It is becoming difficult to get through a month, or even a week, without seeing some sort of tragedy break on the front pages. Even as I write this on Friday evening, I’m seeing reports about a shooting in the Los Angeles Airport, leaving one TSA officer dead and at least two others wounded. In the past few weeks, we have witnessed another barrage of these stories, but recently, they are beginning to traumatize our schools.
On Thursday Oct. 21, a 12-year-old middle-school student in Nevada shot and killed a teacher, and wounded two other students before committing suicide. The very next day, on Oct. 22, a 14-year-old student in Danvers, Massachusetts (only an hour north of Wheaton) stabbed and killed his 24-year-old teacher. The teacher, Colleen Ritzer, had offered to stay after school to help the suspect, Phillip Chism, after seeing him struggle in math class earlier that same day.
The shooting at Columbine High School in 1999 is possibly the most infamous incident of such a nature, and I’m sure we all remember the tragedy at Sandy Hook Elementary that occurred almost a year ago. Although any mass shooting is a devastating event, that one in particular has stuck with me. Elementary school is a place to learn, make friends, discover your creativity and spark your passion for whatever life has in store for you. To take away such innocent lives filled with potential is just beyond comprehension.
This feeling extends to any attack on school grounds. Schools of all levels, whether they are a day care or university, should be viewed as safe and secure places of learning. After all, education is supposed to provide us with opportunities: The pathway to a career, the formation of lifelong bonds between friends and learning valuable lessons from professors and teachers. This is why I have such trouble understanding violence in schools.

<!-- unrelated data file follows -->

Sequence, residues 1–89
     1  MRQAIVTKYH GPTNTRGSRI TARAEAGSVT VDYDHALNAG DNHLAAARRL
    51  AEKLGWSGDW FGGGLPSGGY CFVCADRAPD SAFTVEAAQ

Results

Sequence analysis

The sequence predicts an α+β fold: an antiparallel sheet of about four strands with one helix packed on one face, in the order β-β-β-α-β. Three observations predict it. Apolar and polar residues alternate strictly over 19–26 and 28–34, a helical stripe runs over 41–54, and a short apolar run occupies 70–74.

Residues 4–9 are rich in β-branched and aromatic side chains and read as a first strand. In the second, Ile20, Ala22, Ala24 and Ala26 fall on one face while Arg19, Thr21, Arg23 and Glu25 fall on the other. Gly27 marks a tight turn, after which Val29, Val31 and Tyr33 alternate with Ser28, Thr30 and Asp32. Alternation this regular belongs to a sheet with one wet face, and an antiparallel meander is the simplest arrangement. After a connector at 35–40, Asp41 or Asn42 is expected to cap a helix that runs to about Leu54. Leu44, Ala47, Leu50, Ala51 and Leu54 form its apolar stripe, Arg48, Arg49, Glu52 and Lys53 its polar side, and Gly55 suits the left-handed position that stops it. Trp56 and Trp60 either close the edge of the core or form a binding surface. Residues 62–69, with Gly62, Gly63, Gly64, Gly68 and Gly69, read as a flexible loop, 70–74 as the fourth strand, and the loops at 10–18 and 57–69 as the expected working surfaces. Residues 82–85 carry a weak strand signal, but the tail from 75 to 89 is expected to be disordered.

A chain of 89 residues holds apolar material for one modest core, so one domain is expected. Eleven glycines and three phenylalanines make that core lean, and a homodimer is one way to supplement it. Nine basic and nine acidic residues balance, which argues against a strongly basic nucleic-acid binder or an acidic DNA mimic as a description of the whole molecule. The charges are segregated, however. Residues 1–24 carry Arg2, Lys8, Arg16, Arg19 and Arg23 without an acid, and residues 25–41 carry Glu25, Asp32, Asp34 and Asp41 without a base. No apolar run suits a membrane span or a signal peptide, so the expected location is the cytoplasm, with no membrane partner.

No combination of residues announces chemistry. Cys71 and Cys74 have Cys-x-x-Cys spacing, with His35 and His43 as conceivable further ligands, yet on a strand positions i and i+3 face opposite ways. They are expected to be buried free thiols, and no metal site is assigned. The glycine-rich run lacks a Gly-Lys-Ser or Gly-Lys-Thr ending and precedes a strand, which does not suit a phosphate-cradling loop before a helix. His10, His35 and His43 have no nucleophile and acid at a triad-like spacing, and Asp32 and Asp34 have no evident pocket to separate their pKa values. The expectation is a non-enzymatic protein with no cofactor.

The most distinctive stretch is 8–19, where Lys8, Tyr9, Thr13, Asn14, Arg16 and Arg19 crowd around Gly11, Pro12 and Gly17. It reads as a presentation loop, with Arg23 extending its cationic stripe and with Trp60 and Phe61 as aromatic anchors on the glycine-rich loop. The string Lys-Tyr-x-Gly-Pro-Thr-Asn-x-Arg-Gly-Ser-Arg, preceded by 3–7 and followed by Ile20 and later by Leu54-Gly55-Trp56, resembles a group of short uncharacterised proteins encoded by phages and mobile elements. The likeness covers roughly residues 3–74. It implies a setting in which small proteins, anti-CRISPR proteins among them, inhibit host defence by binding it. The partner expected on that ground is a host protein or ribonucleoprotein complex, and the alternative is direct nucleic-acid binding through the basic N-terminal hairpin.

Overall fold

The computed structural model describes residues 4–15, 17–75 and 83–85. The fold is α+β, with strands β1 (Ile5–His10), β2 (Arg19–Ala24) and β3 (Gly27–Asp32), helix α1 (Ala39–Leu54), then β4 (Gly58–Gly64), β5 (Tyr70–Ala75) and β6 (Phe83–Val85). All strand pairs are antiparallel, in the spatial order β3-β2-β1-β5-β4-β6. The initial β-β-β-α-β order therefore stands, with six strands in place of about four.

Of course, not everyone will enjoy the school environment, which is understandable. With all the benefits I mentioned previously, there come the negative aspects to schooling: bullying and peer pressure come to mind, among others. It saddens me that school is not always a welcoming and friendly place for children, but students should always have a feeling of safety as soon as they step inside their school, period.
The “Federal School-Associated Violent Deaths Study” found an annual average of 23 school homicides in the U.S, and according to the same study, school violence as a whole has actually decreased over the past thirty years. While all violent crimes are horrifying, there is a certain added trauma when the violent acts take place on school grounds.
Of course, this discussion typically leads to debates on gun control and the effectiveness of counseling in schools. But with all the discussion and outrage, these incidents keep occurring. It seems almost inevitable that some time down the line, maybe in a week, maybe in a month, we will be seeing more young lives cut short. This should not be something that we get used to; this should not become the norm.